Officer at the Western Pass
- Poetry of Du Fu

《潼关吏》

- Last updated: 2024-04-11 19:45:41

Officer at the Western Pass by Du Fu
中文原文

士卒何草草,筑城潼关道。

大城铁不如,小城万丈余。

借问潼关吏,修关还备胡?

要我下马行,为我指山隅。

连云列战格,飞鸟不能逾。

胡来但自守,岂复忧西都?

丈人视要处,窄狭容单车。

艰难奋长戟,万古用一夫。

哀哉桃林战,百万化为鱼。

请嘱防关将,慎勿学哥舒。


English Translation

How hard do soldiers work and toil,

Building ramparts on western soil!

Iron-clad bastions high and low

Like walls along the mountain go.

I ask an officer near by

If against foes are built walls high.

He asks me to dismount and look

Around and points to mountain nook.

The forts on the peaks scrape the sky,

Over them even birds can’t fly.

When come the foe, we guard the wall,

There’s no fear for the capital.

He shows me the narrow pass too,

Only single chariots file through.

When guarded with long spear by one,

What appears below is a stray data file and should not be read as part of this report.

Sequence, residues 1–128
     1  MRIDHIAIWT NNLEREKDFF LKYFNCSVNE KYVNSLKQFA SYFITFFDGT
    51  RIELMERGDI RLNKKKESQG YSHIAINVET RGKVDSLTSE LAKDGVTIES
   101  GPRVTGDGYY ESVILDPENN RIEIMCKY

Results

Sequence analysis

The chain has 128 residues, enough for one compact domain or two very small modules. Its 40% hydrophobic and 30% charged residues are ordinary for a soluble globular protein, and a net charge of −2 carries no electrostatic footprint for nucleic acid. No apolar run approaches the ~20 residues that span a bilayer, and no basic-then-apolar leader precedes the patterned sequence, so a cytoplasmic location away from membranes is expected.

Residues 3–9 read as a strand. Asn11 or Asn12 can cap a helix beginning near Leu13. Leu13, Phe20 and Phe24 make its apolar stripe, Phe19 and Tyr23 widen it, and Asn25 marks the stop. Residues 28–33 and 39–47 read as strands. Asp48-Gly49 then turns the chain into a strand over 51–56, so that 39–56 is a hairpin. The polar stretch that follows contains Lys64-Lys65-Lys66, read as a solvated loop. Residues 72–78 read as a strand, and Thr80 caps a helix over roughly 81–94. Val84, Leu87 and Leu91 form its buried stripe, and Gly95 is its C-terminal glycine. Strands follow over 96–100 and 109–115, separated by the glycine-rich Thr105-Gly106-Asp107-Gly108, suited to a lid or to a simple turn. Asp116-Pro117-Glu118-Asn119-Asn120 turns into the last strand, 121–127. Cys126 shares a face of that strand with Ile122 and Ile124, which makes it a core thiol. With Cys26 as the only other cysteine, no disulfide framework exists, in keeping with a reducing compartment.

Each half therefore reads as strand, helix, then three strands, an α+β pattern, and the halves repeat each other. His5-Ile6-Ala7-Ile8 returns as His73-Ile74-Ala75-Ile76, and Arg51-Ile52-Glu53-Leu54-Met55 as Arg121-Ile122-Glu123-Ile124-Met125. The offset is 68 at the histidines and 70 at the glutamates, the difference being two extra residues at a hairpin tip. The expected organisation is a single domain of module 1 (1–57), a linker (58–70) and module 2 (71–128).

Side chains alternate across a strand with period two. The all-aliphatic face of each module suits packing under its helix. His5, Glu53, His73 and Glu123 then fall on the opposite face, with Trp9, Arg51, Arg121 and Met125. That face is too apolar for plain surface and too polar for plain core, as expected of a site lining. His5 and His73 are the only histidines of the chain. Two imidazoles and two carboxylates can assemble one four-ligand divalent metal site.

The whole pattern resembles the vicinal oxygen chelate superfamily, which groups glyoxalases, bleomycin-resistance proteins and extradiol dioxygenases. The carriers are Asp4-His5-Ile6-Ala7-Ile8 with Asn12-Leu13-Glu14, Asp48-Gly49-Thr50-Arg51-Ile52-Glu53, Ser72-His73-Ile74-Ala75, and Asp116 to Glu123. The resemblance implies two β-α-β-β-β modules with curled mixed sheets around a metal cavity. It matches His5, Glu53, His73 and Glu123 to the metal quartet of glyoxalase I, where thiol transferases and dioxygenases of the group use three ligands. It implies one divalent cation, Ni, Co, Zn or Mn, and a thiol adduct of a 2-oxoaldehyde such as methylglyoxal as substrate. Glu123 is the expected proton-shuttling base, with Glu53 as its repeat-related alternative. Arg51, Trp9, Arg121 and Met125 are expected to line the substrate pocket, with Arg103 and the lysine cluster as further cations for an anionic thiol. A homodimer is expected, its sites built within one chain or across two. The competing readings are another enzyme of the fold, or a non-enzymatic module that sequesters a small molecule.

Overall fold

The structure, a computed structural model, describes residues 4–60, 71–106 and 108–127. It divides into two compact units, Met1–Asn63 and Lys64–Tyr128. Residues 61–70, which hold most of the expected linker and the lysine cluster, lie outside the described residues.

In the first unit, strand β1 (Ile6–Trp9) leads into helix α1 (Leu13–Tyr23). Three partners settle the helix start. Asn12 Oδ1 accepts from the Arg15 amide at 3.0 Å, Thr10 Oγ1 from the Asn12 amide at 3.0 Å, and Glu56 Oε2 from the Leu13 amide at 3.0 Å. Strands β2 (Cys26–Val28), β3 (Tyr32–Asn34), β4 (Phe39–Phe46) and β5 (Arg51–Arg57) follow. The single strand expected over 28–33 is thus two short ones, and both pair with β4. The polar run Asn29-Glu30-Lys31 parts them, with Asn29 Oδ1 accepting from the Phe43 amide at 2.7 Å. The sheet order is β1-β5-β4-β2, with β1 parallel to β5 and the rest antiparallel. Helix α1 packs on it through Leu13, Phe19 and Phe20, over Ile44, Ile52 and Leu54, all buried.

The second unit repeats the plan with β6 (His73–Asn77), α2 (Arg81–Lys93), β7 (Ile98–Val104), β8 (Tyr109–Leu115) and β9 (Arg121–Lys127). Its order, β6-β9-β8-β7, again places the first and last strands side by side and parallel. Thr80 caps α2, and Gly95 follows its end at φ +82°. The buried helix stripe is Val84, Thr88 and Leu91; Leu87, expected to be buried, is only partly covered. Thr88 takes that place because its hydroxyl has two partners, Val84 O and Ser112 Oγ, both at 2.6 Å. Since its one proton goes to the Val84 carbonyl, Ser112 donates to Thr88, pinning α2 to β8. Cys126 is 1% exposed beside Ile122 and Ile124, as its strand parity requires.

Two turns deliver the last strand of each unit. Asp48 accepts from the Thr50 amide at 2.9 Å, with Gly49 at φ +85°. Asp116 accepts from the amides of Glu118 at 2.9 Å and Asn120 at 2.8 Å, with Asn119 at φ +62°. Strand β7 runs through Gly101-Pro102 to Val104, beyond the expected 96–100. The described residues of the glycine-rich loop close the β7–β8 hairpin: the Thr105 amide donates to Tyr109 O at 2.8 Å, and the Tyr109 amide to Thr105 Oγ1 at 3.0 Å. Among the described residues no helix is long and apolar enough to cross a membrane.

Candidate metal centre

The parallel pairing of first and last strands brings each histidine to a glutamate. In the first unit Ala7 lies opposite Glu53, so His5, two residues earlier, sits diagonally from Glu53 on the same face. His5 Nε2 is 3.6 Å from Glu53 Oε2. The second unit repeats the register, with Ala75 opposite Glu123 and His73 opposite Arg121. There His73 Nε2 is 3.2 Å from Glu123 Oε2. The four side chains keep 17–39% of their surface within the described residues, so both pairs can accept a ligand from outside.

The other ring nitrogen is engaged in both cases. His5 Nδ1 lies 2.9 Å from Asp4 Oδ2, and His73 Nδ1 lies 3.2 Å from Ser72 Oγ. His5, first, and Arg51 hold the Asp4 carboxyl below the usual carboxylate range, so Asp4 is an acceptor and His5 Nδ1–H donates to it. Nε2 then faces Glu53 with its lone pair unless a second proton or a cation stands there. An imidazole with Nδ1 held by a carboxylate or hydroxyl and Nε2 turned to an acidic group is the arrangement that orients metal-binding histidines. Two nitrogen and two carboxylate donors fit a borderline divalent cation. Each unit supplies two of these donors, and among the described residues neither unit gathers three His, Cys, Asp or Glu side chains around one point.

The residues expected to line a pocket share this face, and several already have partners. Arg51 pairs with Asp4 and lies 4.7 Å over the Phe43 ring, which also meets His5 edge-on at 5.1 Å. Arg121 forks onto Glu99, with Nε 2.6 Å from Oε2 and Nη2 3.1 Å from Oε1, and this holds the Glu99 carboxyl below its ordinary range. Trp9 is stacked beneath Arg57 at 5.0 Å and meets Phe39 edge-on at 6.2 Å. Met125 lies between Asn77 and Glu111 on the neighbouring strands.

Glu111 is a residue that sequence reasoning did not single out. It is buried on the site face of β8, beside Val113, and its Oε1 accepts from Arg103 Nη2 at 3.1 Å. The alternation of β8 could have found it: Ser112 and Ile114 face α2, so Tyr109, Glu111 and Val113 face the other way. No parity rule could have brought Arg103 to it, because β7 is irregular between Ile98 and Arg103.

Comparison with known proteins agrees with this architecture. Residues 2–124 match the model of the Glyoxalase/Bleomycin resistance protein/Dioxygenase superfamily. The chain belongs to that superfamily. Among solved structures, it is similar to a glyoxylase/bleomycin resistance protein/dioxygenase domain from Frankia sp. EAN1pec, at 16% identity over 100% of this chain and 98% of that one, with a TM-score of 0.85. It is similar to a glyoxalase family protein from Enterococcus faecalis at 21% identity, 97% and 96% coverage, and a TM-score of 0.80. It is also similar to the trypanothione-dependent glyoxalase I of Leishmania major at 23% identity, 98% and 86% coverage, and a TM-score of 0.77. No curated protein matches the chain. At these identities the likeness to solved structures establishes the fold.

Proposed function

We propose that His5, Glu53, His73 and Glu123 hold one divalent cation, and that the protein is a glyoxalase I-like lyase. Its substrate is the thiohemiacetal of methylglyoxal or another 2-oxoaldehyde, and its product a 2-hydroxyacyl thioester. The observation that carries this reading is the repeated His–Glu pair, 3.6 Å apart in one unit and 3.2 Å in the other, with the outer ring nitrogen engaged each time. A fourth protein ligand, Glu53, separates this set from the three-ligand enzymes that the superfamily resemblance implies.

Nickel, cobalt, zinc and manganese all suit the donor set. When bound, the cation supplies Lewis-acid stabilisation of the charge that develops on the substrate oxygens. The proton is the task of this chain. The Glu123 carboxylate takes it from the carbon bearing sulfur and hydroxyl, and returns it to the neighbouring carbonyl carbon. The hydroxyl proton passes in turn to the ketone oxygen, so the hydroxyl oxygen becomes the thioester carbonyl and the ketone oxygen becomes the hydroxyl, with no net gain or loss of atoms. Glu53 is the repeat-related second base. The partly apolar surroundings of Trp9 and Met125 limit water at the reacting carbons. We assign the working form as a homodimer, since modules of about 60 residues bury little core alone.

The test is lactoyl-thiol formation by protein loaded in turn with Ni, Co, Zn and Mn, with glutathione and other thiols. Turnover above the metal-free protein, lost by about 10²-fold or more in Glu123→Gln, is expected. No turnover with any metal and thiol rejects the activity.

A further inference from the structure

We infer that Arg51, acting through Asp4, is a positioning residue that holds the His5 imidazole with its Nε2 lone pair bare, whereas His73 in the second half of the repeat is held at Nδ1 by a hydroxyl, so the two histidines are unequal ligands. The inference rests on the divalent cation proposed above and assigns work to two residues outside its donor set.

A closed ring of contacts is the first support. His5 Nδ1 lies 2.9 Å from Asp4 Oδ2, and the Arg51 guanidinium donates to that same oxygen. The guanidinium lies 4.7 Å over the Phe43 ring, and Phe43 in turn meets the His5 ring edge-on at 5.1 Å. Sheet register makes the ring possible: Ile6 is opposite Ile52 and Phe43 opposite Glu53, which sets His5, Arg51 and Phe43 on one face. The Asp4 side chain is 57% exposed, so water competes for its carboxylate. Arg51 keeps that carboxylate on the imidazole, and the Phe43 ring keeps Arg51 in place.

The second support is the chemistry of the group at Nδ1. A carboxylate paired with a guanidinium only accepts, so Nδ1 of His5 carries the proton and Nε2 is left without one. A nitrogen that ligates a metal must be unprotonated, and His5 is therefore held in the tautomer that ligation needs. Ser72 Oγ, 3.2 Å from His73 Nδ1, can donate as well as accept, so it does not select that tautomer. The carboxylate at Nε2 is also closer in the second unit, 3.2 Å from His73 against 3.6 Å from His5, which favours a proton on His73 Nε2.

The fortress can be forced by none.

But defeated at Peach Grove, alas!

Ten thousand men slain at the pass.

Please tell the general guarding here:

Be not defeated as that year!

By Du Fu

Why Chinese poems is so special?
The most distinctive features of Chinese poetry are: concision- many poems are only four lines, and few are much longer than eight; ambiguity- number, tense and parts of speech are often undetermined, creating particularly rich interpretative possibilities; and structure- most poems follow quite strict formal patterns which have beauty in themselves as well as highlighting meaningful contrasts.
How to read a Chinese poem?
Like an English poem, but more so. Everything is there for a reason, so try to find that reason. Think about all the possible connotations, and be aware of the different possibilities of number and tense. Look for contrasts: within lines, between the lines of each couplet and between successive couplets. Above all, don't worry about what the poet meant- find your meaning.

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